The Pillars of Hercules by David Constantine.
Published by Night Shade Books, March 2012. Review copy received.
Review by Mark Yon
‘Imagine Alexander the Great meets steampunk’, I was told.
Well, it’s a nice selling pitch, but the more I thought about it, the more I was intrigued. What an idea! Could it work?
The story starts straightforwardly. Lugorix is a Gaulish soldier with a sword called Skullseeker. His best friend is Grecian Matthias, an archer. The story begins by the two being hired to protect and travel with Barsine, a mystic witch, on her journey from Athens with her retainer Damitra.
In another storyline we have Alexander and his relationship with Philip, his father, as told through Eumenes, one of Alexander’s officers and Aristotle. And of course we also have the increasingly paranoid Alexander, who kills previously trusted friends whilst trying to overthrow his father.
Once the characters are introduced, then we have the key concept of the tale. Here David takes the events of ancient times and sets them up in an interesting tale but then takes a left-turn into alternate history by allowing Athens to win the Peloponnesian War and Alexander to travel West to Europe. Though you don’t need to know all this before reading the story, it is interesting stuff, and explained by David at the back of the novel.
Much of Alexander’s march west into Europe is for complex reasons. It is at least in part to please his father, taking lands in his name, but Alexander also wishes to discover the truth about whether he is not just a man but a god reborn. The tale continues with battles at Athens and then in Syracuse. Matthias and Lugorix are sent to rescue Aristotle, who has fled from Alexander but is now incarcerated in Syracuse. When they get there they find that Aristotle has died, yet his also-captured daughter Eurydice is there. They free her and then set off to the Pillars of Hercules and the ancient place supposedly the site of the lost Atlantis.
The Ancient World is a rich tapestry of resources that is ripe for the use of Fantasy novels. However this is not without its complications. Trying to explain the complications of Macedonian and Grecian politics from a standing start isn’t easy, and then getting accustomed to the names can take a while: knowing your Diocles and Xanthippus from your Hephaestion is quite important. Unfortunately here there’s a lot of characters who all speak with similar voices and it was at times difficult to differentiate between them, even those we are meant to care more about.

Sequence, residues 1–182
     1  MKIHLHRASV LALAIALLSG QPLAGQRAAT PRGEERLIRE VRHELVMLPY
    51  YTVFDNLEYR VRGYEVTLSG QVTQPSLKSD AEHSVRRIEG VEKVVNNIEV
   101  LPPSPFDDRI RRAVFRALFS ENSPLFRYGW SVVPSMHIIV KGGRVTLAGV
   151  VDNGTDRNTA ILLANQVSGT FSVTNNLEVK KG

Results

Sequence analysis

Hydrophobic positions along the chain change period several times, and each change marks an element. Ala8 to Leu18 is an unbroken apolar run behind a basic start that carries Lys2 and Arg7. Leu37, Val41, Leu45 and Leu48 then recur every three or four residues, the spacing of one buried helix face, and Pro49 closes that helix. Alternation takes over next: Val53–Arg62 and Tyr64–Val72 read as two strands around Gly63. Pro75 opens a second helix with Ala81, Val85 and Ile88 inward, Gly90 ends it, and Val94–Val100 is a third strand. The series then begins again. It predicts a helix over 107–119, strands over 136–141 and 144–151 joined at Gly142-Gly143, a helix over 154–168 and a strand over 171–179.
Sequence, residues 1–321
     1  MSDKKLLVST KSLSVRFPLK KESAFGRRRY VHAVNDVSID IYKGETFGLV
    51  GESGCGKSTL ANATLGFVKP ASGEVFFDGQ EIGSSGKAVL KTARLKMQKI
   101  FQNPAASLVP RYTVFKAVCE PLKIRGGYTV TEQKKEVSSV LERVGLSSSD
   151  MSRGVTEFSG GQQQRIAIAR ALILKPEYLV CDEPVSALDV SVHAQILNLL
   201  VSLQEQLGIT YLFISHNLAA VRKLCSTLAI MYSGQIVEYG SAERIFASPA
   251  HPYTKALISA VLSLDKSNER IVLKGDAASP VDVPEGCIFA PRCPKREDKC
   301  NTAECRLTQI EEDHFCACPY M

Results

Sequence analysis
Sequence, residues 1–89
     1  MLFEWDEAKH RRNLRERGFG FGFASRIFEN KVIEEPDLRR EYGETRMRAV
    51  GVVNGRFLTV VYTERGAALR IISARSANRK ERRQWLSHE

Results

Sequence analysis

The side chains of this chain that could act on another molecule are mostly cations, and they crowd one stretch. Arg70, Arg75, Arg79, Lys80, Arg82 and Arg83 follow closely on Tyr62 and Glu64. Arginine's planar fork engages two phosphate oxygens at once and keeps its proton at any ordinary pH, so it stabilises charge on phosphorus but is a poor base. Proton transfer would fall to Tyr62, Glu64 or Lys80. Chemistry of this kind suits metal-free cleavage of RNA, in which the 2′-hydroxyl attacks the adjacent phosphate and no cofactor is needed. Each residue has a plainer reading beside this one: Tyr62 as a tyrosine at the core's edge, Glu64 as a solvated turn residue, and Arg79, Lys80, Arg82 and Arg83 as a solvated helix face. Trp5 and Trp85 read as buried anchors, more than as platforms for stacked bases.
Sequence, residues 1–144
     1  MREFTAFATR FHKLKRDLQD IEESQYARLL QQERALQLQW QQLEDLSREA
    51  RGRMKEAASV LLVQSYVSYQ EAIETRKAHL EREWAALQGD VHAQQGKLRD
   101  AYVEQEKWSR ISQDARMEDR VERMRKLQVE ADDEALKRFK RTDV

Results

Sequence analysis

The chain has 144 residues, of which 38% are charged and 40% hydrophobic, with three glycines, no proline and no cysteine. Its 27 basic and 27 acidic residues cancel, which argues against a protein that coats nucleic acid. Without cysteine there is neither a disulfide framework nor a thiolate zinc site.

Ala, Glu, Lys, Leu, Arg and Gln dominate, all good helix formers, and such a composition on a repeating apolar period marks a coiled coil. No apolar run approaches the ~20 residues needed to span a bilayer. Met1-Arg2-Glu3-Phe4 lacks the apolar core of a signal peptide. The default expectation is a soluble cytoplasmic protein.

Of the main characters, I found Alexander makes an interesting debut as a self-obsessed and increasingly paranoid dictator but after being introduced early into the tale then spends most of the tale offstage with his part of the story instead being told through his officers, until by the end his presence is barely registered. Other characters are used and then seemingly forgotten.
Whilst some of the dialogue between Matthias and Lugorix is fun and reflects a bickering and long-standing relationship, some of the other dialogue is rather more stilted. Macedonians are often referred to as Macks, for example. Strangely, the unnaturalness of this speech is emphasised for me as the language used is decidedly contemporary. Whilst this ensures the reader understands what is going on, it can be off-putting, and it is one of the things that most often causes my sense of disbelief to be destroyed whilst reading. It’s not very often I read characters of the Ancient World say “Yikes!” or “Periscope up” or even “F*ck me”, though I do here. Others may have less of a problem with it.
On the positive side the battle scenes are done well and are quite exciting although at times a little repetitive: there’s an awful lot of head decapitating going on. What is also interesting is the use of new weapons such as Greek fire, golems and gunpowder, steamships, torpedoes and submarines as Aristotle’s latest inventions are brought into play. Interestingly, whereas it might seem that some of the inventions seem out-of-time, much of the technology herein is based upon actual weapons at about that time and it is clear that David has done his homework, although it is off-putting to find ancient world characters talking about guns and bombs.
There are elements of magic here though it seems to be more about the magic of science in the end. Aristotle is seen as a sorcerer, and his inventions magic. This isn’t necessarily a bad thing, although it’s an idea that on the whole seems rather undeveloped.
What begins as a great idea slowly unravels until the finale, where it all comes crashing down. The ending, involving a rather cosmic descent into “Hell”, explains about the origin of gods through a rather more scientific rationale.
There’s a lot of plus points, but in the end sadly it doesn’t quite work as well as I would have hoped. A great effort: but for me it doesn’t quite come off.
Mark Yon, February 2012.
Copyright © sffworld.com. If quoted please credit "sffworld.com, name of reviewer".